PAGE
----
The 1960s brought considerable stylistic changes, with the reappearance of a much livelier and more varied colour palette and an alteration in the structure of the sign. Accardi’s first strongly chromatic works were displayed at the Parma Gallery in New York and at the New Vision Centre Gallery in London in 1961, with a presentation by Lionello Venturi.
In 1964 Accardi was invited to participate with her own room at the 32nd edition of the Venice Biennale. At this time she began creating her first works on sicofoil, a transparent form of plastic material whose use in art she pioneered. Works such as Tenda (1965), Ambiente Arancio (from 1967, which was presented at the Rome Marlborough gallery in 1968) and Triplice tenda (1969-71) all date from this period.
Throughout the following decade Accardi pursued her experimentation with sicofoil. Colour became less intense, with a prevalent use of pastel shades (pale pinks, off-whites, greys). By the mid-1970s she was using completely transparent sicofoil, woven in a manner that displayed the support and transformed the canvas frame itself into the subject of the work (in an intentional “ostentation of the support and canvas”, as she would say, undeniably Conceptual in nature). In 1976 she was featured at the 37th edition of the Venice Biennale with Triplice tenda, in the Arte Ambiente section.
Accardi returned to the canvas in the 1980s, often leaving it unprepared and animated by coloured signs that were now very large and at times contained only a single colour.
Solo exhibitions now followed in quick succession. In 1983, for instance, Accardi exhibited at the Pinacoteca Comunale of Ravenna and at the Padiglione d’Arte Contemporanea of Milan, while in 1988 she was once more invited to the Venice Biennale – its 43rd edition – with an entire room devoted exclusively to her work, where she displayed large-scale pieces. The following year she was represented with two historic works at Italian Art in the 20th Century, held at the Royal Academy of Arts in London.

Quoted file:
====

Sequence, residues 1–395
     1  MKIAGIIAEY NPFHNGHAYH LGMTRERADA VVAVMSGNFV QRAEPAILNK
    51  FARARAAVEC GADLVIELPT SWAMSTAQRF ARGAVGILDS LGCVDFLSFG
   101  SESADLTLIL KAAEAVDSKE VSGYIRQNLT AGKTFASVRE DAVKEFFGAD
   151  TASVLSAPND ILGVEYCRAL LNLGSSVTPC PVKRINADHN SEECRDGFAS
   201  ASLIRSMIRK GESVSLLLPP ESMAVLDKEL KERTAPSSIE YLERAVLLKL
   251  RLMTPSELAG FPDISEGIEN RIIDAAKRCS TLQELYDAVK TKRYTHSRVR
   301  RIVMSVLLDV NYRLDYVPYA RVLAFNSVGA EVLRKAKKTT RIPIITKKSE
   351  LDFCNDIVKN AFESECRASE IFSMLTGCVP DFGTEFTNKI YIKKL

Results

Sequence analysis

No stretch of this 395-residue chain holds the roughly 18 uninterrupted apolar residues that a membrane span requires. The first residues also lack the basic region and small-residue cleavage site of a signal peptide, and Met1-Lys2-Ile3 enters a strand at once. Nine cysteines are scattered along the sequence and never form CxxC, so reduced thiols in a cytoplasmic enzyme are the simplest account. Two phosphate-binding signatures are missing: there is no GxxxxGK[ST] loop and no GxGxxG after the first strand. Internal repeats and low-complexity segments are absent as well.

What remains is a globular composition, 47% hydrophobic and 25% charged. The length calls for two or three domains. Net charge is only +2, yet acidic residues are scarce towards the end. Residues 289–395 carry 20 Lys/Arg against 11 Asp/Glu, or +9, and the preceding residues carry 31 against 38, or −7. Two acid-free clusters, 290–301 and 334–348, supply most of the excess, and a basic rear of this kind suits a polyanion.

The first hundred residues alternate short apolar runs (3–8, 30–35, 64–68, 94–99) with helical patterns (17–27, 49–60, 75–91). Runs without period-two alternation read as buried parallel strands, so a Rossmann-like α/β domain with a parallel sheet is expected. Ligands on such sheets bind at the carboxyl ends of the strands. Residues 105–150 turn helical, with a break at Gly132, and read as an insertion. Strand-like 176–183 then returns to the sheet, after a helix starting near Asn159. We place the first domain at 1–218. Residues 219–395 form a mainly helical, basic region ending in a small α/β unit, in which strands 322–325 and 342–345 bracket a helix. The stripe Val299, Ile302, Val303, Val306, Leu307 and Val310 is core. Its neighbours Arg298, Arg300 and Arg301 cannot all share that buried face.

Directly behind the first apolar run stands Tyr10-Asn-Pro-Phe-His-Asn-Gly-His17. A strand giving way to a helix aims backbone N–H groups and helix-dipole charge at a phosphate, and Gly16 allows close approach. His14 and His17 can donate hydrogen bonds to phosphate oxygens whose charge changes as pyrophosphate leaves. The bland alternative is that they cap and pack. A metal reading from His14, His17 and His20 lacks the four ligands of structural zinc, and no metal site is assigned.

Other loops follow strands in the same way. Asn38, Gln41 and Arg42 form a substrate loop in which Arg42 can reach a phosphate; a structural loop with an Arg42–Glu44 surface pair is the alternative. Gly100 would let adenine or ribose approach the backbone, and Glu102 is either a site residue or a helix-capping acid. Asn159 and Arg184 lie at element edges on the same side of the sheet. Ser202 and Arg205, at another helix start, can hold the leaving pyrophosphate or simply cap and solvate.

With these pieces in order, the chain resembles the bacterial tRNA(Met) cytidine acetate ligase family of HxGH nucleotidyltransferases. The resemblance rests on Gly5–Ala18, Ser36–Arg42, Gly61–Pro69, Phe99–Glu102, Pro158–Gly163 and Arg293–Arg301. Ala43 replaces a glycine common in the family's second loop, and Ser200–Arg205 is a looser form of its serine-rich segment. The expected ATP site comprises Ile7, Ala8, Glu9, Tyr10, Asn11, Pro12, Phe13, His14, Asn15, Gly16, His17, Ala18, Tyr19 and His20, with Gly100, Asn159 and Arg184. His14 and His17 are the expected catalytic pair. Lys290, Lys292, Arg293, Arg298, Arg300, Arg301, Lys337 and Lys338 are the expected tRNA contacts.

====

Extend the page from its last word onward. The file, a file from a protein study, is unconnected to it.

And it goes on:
An extensive retrospective devoted to Accardi’s work opened in 1994 at the Castello di Rivoli, and in the same year she participated in The Italian Metamorphosis 1943-1968 at New York’s Guggenheim Museum. Among the many solo shows and retrospectives, two major anthological exhibitions of her work opened at the Musée d’Art Moderne de la Ville de Paris (2002) and at Rome’s MACRO (2004).
In 2006 works by Carla Accardi and Lucio Fontana were displayed together at an exhibition organised by the Sperone Westwater Gallery of New York. In 2011 the Fondazione Puglisi in Catania ran the exhibition Carla Accardi. Segno e trasparenza, where major historic pieces were displayed across the two spacious floors of Palazzo Valle. At the same time, the two volumes of the monumental catalogue raisonné devoted to her work, and edited by Germano Celant, were published respectively by Charta and Silvana.
“Rise to the challenge […]. Earlier we mentioned the coexistence of the anthropological and the abstract worlds. Something similar is true also of the support: certain paintings are not painted in their entirety while others are saturated with colour all over. Likewise, the sign is at times freer, less controlled, at others more clearly delineated in its form. Besides, my painting cannot come to a halt on a given problem, presenting it and defining it once and for all. I like to circle around the problem, observing the different and possible solutions to it; I like to be coherent but at the same time to be able to change.” This extract from a long conversation which Carla Accardi had with Walter Gudagnini in 1989 encompasses much of this artist’s spirit. She never tired of searching, of facing up to a setback, of acquainting herself with a new frontier of her practice, of winning yet another challenge.
Carla Accardi died in Rome on February 23rd, 2014.